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Results of the Combating Autism Act Initiative: HRSA’s Efforts to Strengthen State Systems of Care for Children With ASD Through the State Implementation Grant Program

Under the authority of the 2006 Combating Autism Act (CAA) (P.L. 109–416), the Health Resources and Services Administration’s (HRSA) Maternal and Child Health Bureau (MCHB) introduced the Combating Autism Act Initiative (CAAI) in September 2008. The goal of the CAAI is to enable all children to reach their full potential by developing a system of services that includes a) screening children early for possible autism spectrum disorders (ASD) and other developmental disorders (DD); b) conducting early, interdisciplinary evaluations to confirm or rule out ASD and other DD; and c) if a diagnosis is confirmed, providing evidence-based, early interventions. As part of the CAAI, MCHB awarded State Implementation grants to nine States for the purpose of improving access to comprehensive, coordinated health care and related services for children and youth with ASD and other developmental disabilities. This report presents the results of a 3-year study to assess the State Grantee’s performance in meeting the goals and objectives of the CAAI.

In accordance with the CAAI, the State Implementation grantees worked to fulfill the following objectives:

  • Create State service systems that will improve access to comprehensive, coordinated health care and related services for children with ASD and other DD
  • Increase awareness of ASD
  • Reduce barriers to screening and diagnosis
  • Train professionals to use valid and reliable screening and diagnostic tools and provide evidence-based interventions

This study collected and analyzed qualitative and quantitative data to assess the grantees’ performance and their progress in meeting the goals and objectives of the CAAI during the grant period.

The grantees were expected to implement State plans that encompassed six system components: 1) partnerships among professionals and families with children and youth with ASD; 2) access to culturally competent, family centered medical homes; 3) access to adequate health insurance and financing of services; 4) early and continuous screening for ASD and other developmental disabilities; 5) community services organized for easy use by families; 6) and transition to adult health care.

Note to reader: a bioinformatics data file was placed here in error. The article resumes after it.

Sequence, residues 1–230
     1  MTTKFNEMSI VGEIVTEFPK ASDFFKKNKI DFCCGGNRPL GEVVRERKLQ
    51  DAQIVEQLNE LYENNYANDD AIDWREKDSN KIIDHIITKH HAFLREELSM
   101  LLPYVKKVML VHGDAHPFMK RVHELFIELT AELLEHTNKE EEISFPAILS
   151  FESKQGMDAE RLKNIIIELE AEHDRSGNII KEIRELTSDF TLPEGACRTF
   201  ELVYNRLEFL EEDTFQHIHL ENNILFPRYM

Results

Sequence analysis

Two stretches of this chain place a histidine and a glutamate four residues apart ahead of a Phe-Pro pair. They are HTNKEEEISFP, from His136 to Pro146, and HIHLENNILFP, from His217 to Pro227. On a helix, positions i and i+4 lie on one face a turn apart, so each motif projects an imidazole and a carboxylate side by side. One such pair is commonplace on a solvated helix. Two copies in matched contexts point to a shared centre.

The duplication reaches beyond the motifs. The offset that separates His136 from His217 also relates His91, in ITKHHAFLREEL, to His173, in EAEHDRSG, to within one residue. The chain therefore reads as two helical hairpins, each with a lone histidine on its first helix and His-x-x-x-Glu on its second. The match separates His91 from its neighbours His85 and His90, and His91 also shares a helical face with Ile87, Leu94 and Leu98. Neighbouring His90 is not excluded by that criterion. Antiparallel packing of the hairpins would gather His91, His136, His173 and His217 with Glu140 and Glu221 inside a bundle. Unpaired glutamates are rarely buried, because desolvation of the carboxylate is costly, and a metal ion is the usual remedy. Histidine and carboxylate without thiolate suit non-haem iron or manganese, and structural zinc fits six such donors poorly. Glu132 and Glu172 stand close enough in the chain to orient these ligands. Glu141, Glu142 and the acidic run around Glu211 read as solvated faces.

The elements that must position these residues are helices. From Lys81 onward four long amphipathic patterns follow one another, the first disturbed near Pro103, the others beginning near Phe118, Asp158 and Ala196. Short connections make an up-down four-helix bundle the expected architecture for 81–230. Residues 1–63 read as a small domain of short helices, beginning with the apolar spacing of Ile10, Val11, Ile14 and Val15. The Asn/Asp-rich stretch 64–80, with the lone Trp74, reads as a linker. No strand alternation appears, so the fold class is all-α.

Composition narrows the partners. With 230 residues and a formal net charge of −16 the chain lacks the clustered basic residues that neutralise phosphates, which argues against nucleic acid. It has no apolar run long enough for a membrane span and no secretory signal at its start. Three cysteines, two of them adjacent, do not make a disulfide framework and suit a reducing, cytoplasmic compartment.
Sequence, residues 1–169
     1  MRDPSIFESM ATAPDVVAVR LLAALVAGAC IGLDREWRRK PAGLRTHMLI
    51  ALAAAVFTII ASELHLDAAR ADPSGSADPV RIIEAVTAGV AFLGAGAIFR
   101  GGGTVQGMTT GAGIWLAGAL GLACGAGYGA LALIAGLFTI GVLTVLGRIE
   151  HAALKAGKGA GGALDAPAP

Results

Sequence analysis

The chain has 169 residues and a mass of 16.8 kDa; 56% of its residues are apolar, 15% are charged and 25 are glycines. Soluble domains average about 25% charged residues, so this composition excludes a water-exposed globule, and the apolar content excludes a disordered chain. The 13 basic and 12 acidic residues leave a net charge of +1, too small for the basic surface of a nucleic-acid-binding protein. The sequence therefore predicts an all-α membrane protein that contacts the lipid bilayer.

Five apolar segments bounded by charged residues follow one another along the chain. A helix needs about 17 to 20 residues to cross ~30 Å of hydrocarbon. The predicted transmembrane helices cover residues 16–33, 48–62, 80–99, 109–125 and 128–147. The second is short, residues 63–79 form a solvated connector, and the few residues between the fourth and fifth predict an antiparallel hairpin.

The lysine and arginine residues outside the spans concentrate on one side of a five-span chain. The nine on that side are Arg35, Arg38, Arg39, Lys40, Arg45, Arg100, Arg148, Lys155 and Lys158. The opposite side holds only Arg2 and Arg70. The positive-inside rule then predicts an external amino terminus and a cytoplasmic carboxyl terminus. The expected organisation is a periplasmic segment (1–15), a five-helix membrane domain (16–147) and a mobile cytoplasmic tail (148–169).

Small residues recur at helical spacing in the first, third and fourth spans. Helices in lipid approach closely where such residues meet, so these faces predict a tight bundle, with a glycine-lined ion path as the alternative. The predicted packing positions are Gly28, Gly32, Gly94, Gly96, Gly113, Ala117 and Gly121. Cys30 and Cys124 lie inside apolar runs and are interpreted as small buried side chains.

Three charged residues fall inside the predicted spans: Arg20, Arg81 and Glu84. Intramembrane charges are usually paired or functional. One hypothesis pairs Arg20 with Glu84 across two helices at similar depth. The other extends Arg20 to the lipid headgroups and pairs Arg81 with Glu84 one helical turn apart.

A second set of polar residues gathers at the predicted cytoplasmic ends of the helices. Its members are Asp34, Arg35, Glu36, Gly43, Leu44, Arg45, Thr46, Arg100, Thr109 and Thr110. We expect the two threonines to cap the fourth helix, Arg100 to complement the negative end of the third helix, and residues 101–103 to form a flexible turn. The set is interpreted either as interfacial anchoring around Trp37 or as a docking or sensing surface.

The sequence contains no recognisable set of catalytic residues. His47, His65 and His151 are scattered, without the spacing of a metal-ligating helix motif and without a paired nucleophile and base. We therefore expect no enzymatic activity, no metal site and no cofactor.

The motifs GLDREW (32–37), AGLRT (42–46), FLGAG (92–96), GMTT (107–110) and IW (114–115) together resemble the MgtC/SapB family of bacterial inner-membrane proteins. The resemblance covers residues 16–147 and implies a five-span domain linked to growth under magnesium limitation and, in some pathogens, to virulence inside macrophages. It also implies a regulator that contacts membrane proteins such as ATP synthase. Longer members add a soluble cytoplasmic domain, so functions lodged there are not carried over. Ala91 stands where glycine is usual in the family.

In this report, we have cross-referenced the CAAI’s goals, six system components and numerous infrastructure building activities and created six overarching areas of system capacity: 1) collaborative statewide planning structures and partnerships; 2) regional and community-based service networks; 3) integrated, family-centered medical homes; 4) statewide data systems for system planning and improvement; 5) funded access to high-quality services; and 6) communication tools and channels for ASD awareness building and training. This report documents the grantees’ achievements in these six overarching areas of system capacity, highlighting innovative practices that proved particularly effective and that have potential for becoming best practices in other States. We also note where system gaps continue to exist and what more can be done to fill those gaps through future CAAI grants.

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Results of the Combating Autism Act Initiative: HRSA’s Efforts to Improve ASD Service Delivery Through LEND Training Program Grants

This report presents the results of a 3-year study conducted by an external evaluator to assess the performance of HRSA grant programs in meeting the objectives of the CAAI. The study did not attempt to measure long-term outcomes, such as changes in the average age of first screening, because these impacts would generally not be discernible within 3 years. Instead, the study measured results of the grantees’ efforts in the areas of training, awareness building, research, and building comprehensive systems of care for ASD, all of which are expected to contribute to the realization of the CAAI’s long-term goal.

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Results of the Combating Autism Act Initiative: HRSA’s Efforts to Improve ASD Service Delivery Through DBP Training Program Grants